Maximi Planudis in memoriam [Pt.1]
10 Maximi Planudis in memoriam Similar to buy and sell are teach and learn, give and obtain, and in some instances the same lexical items appear whether there is copying of the locative or of the ablative – as hire in English. 18 In some languages, the locative phrase corresponding to the ‘indirect object’ in (15), (20) and the like has a distinctive superficial marker – the dative inflexion. Cf. Latin Mihi librum dedit. This same inflexion also characterizes the locative phrase in corresponding locationals: Mihi est liber. Compare English Ezra has sold the pig to Fred and The pig belongs to Fred. However, the locative in the non-directional instances can also (as in the directional – cf. (16)) be subjectivized. Compare Habeo librum or Fred owns a pig. 19 (21) V : LOC : ABS ERG : : N : N : : : : : : Fred owns a pig Consider too ‘affective’ verbs like know (compared with teach/learn) or understand (explain), which I would also interpret as taking a locative subject. 18 See Anderson 1971b: §§9.2, 11.3-4. 19 I am ignoring here the distribution of ‘definiteness’, which is clearly crucial to a full account of such sentences. Observe too that (for the purposes of the present discussion) we are allowing throughout for the subjectivization of LOC in have-predications in terms of its subcategorization as ERG. However, there are considerable doubts concerning the appropriateness of this. Have is like contain in lacking a ‘passive’ with by… Further, with respect to such an interpretation, the occurrence of examples like The table has a book lying on it is in contravention of the principle governing the hierarchy of quasi-predications formulated in Anderson forthcoming: §§VI and X.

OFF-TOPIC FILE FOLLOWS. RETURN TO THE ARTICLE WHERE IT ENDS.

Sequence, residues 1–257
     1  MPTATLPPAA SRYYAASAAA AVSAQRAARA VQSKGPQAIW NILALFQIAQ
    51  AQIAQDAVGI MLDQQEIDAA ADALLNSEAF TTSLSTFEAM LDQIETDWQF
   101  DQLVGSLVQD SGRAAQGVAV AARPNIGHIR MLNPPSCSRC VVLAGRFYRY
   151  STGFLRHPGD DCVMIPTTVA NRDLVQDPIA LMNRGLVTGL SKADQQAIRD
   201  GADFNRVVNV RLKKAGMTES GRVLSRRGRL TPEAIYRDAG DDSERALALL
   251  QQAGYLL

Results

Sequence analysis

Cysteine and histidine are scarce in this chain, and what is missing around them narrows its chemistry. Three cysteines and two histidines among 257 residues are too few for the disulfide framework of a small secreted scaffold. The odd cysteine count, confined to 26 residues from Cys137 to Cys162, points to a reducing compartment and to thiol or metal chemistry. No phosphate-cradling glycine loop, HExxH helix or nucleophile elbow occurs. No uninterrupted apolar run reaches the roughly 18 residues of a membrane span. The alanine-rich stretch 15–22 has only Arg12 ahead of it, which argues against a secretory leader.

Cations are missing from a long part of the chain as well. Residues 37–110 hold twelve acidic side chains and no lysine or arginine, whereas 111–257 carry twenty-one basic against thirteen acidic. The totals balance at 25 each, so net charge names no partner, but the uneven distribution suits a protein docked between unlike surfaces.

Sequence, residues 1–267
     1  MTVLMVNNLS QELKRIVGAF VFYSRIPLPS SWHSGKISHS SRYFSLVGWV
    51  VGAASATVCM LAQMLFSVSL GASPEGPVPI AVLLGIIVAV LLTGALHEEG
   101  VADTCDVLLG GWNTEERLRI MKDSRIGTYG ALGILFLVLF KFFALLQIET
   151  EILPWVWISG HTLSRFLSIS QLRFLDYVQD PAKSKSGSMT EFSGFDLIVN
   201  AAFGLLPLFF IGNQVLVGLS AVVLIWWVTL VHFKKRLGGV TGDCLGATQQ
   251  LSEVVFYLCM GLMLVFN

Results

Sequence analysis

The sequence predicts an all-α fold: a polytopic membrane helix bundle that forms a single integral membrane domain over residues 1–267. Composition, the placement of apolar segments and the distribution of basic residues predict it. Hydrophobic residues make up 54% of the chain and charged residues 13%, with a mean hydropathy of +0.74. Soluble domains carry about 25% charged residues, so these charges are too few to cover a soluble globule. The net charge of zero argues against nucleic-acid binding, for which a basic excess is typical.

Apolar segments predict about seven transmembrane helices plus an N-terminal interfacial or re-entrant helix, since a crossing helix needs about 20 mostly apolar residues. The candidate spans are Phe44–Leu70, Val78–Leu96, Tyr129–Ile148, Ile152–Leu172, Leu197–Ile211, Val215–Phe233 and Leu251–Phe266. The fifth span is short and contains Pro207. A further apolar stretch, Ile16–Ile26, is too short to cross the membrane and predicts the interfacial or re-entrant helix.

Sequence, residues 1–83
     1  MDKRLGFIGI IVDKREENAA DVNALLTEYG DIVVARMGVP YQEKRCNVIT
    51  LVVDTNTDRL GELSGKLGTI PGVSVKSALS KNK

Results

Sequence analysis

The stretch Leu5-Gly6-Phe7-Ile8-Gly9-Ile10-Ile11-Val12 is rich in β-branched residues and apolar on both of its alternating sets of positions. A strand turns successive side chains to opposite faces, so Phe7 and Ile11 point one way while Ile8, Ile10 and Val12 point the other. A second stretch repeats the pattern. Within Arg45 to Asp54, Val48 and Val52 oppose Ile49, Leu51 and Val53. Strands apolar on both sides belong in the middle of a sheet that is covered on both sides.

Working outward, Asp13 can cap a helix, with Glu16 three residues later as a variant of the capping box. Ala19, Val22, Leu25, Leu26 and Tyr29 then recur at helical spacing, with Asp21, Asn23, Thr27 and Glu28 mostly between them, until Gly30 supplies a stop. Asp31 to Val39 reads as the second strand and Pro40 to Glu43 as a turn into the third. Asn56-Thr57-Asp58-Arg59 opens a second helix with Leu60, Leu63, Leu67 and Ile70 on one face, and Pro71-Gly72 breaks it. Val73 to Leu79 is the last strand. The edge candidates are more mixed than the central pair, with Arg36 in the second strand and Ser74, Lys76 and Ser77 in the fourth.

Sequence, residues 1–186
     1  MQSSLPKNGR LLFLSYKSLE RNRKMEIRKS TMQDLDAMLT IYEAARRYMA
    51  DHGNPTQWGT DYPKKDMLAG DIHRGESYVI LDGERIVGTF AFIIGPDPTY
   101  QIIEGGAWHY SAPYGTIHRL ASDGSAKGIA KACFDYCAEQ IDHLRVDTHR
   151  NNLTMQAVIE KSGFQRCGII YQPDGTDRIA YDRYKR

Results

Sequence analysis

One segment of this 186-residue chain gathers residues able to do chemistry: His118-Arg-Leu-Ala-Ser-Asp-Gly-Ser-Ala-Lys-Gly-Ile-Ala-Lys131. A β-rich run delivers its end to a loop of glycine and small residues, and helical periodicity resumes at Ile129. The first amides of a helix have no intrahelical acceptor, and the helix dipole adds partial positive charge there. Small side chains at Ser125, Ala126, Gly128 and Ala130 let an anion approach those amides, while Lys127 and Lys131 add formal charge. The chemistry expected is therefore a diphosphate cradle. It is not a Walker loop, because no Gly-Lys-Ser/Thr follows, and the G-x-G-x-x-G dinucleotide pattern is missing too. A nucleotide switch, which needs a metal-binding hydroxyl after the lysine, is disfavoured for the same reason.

John Anderson References ANDERSON, JOHN M. 1968. On the status of lexical formatives. FL 4, 308-318. 1971a. Dependency and grammatical functions. FL 7, 30-37. 1971b. The Grammar of Case: Towards a Localistic Theory. London and New York: Cambridge University Press. 1971c. Outline of a proposal for the lexicalisation of complex structures. SL 25, 1-8. forthcoming. Remarks on the hierarchy of quasi-predications. in preparation. An essay concerning Aspect: Some Considerations of a General Character arising from the Abbé Darrigol’s Analysis of the Basque Verb. ANNEAR, S. 1967. Relative clauses and conjunctions. OSU Working Papers in Linguistics, 80-99. BACH, EMMON and HARMS, ROBERT T. (eds) 1968. Universals in Linguistic Theory. New York: Holt, Rinehart et Winston. BACHMANN, L. 1828. Anecdota Graeca II. Leipzig; reprinted 1965. Hildesheim: Georg Olms. DARRIGOL, J.-P. 1829. Dissertation critique et apolétique sur las langue basque. Bayonne: Duhart- Fauvet. FILLMORE, CH.J. 1968b. Lexical entries for verbs. FL 4, 373-393. GARNETT, R. 1846. On the formation of words by the further modification of inflected case, I. PPhS 3, 9-15. 1846. On the formation of words by the further modification of inflected case, II. PPhS 3, 19-29. GRAY, L.H. 1939. Foundations of language. New York: Macmillan. GRUBER, J.S. 1965. Studies in Lexical Relations. Ph. D. dissertation, MIT. HALL, R.A. 1969. Some recent studies of the Port-Royal and the Vaugelas. AL 12, 207-33. HARRIS, Z.S. 1940. Review of Gray (1939). Lg 16, 216-31. KEY, T.H. 1853. On the imperfective infinitive, imperfective participles, and those substantives which fall under the definition nomen actionis. PPhS 6, 63-72. KIPARSKY, P. 1968. Linguistic universals and linguistic change. BACH and HARMS, 170-202. 1970. Historical linguistics. Lyons, J., 1970. New horizons in linguistics. Ch. 17. Harmondsworth: Penguin. LAKOFF, G. 1967. Deep and surface grammar. Bloomington, Ind.: IULC. LAFITTE, P. 1962. Grammaire basque (navarro-labourdin littéraire). Bayonne. 11